Like the other CTL policy types the Auxiliary policies may be combined into a composite. So if a servant wanted to bind both to the IOR table and the Naming Service a composite policy type:

        AUXPolicy::BindRootNamingContext<D> >

could be used.

Mix-in Composition: Host and Delegate

The CTL makes extensive use of the Curiously Recurring Template Pattern and Parameterized Inheritance to deliver a "composable" design. Composable in this context refers to the ability to extend an inheritance hierarchy by nesting template types. The main use for this technique in the CTL is to provide a consistent means by which to retrieve the necessary data needed during servant activation/deactivation. The choice of whether to "host" the data in the servant type or to "delegate" the request to some other type is left up to the user. Hosts store the data as a member of the servant type and provide a common interface used by the policies to retrieve that data. Delegates provide the same interface but act as proxies for the data. The CTL provides a number of Host and Delegate mix-in types in the CTL::MIX::Host and CTL::MIX::Delegate namespaces respectively.

All the types in the MIX namespace use both a D (Derived) and B (Base) template parameter and are therefore "composable" as nested templates. Assuming S is the servant base type and we wished to construct a servant that hosts its own ORB_var (CTL::MIX::Host::ORB) and POA_var (CTL::MIX::Host::POA) we could form the composite type by writing out the template CTL::MIX::Host::ORB<D, CTL::MIX::Host::POA<D, S> > where D , as noted above, represents the most derived type i.e. the type that inherits from the composite. To simplify the above, which gets rather ugly when many types are composed, the CTL::Compose namespace provides a family of templates that will allow the type to be expressed in a simpler manner. For instance, the composeDB type could be use to rewrite the above as CTL::Compose::composeDB<D,S, CTL::MIX::Host::ORB, CTL::MIX::Host::POA>::type , or without the fully qualified names composeDB<D,S,ORB, POA>::type .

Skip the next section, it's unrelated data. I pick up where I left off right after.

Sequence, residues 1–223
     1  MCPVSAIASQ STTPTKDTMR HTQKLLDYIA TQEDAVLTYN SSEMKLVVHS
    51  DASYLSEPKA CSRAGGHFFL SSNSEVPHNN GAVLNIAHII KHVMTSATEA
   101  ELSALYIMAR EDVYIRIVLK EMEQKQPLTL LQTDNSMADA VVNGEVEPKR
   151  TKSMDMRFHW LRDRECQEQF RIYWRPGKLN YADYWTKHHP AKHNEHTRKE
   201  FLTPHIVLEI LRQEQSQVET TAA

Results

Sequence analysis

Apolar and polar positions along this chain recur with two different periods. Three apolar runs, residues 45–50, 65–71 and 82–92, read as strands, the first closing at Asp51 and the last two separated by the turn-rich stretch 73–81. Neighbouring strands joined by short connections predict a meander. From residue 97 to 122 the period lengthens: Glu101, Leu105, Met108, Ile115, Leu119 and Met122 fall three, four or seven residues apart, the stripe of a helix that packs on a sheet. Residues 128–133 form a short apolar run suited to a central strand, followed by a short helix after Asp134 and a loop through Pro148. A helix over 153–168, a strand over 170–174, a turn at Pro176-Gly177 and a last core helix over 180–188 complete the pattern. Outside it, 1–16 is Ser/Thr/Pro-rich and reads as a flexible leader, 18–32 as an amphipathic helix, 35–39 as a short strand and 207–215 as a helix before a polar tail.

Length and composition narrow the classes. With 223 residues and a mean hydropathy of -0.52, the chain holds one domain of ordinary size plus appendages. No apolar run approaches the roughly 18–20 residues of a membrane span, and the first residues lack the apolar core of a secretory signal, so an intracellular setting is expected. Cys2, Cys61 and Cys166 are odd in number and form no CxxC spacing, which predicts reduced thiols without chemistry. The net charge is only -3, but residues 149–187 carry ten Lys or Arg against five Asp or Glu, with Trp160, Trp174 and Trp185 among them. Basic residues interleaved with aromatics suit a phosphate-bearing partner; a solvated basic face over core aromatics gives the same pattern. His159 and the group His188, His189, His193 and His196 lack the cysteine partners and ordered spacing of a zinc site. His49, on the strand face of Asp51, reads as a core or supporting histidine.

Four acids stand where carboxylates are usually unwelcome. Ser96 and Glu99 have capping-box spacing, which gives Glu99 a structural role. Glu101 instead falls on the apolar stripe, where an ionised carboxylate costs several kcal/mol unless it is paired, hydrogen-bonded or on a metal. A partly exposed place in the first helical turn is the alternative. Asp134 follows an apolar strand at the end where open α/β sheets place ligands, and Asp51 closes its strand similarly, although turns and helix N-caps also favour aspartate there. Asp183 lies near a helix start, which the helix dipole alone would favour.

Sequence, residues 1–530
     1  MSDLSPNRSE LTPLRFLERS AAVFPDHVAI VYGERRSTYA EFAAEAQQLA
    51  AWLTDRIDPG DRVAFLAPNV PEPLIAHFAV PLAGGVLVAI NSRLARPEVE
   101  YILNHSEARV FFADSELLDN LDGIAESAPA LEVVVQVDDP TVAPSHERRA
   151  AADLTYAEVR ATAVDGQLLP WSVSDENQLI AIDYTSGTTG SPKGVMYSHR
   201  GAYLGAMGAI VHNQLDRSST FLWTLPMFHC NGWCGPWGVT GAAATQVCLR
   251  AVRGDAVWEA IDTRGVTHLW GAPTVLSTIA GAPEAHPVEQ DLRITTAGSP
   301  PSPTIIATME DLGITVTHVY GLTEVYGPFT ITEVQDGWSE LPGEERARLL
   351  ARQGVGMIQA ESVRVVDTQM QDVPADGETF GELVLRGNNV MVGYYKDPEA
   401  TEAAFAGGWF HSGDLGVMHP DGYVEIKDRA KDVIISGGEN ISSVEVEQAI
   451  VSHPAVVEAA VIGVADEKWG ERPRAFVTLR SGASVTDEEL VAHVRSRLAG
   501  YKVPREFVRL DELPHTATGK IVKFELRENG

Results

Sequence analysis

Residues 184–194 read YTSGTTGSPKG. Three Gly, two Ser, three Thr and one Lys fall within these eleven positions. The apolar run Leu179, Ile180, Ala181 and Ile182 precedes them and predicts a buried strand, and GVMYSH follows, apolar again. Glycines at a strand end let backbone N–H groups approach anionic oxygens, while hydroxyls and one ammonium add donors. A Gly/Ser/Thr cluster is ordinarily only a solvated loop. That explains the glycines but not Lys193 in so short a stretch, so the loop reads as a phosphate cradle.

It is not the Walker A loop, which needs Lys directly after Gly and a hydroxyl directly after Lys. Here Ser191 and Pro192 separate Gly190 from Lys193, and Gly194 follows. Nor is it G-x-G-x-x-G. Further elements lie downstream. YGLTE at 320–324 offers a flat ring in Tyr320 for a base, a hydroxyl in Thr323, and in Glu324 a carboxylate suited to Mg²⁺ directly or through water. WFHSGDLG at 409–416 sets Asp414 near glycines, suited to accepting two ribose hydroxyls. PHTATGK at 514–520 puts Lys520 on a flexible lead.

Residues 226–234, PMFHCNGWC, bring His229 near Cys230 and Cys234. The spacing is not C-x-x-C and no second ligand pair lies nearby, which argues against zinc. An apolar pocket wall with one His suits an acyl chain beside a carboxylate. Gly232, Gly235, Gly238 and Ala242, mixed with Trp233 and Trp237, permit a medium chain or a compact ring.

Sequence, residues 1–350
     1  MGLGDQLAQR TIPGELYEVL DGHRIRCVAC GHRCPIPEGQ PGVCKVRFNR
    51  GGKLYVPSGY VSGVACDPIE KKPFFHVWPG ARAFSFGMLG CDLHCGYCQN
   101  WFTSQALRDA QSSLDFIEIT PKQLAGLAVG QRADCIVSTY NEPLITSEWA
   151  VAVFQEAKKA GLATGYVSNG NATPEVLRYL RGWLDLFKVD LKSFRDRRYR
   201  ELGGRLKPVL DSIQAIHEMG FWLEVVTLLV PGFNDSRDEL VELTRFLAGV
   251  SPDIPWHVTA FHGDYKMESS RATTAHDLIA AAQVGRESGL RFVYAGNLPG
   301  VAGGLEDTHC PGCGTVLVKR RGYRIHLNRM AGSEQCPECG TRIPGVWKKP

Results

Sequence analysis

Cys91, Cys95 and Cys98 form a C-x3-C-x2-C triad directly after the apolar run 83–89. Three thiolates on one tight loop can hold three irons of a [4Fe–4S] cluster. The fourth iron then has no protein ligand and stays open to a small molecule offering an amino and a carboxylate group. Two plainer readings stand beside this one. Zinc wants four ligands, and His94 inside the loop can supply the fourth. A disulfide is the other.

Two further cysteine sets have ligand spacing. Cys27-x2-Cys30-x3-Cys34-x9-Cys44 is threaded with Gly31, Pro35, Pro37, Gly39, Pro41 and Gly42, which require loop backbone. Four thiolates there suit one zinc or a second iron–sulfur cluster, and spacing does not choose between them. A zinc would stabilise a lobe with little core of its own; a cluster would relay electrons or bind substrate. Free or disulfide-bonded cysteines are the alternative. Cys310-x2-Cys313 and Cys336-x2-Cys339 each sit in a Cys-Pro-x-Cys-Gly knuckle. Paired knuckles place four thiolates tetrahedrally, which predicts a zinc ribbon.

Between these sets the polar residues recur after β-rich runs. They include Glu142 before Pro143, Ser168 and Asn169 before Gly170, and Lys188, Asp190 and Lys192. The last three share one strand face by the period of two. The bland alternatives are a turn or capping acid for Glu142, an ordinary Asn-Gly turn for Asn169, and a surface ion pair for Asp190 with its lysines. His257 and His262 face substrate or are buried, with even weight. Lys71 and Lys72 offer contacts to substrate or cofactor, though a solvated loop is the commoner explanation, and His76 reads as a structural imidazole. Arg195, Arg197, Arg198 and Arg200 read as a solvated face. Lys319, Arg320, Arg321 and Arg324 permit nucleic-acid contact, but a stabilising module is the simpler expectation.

For a further discussion of composition see the sidebar Template Techniques Used in the CTL (next page), and the material in the references section. The following sections present some of the more important elements of the CTL::MIX namespace.

Mix-in ORB

Every servant needs a reference to an ORB so that a POA can either be found or created, and an Object can be activated. The ORB mix-in type provides an interface for accessing the ORB_var that the servant type will use. The Host variation maintains a member ORB_var and provides an additional method set_orb , while the Delegate dispatches the request to the servant's "container".

Mix-in ORBTask

CTL provides a helper type CTL::OrbTask that is simply an ORB_var and thread that runs the ORB reactor loop. The mix-in type CTL::MIX::Host::ORBTask helps simplify many multi-orb applications.

Mix-in POA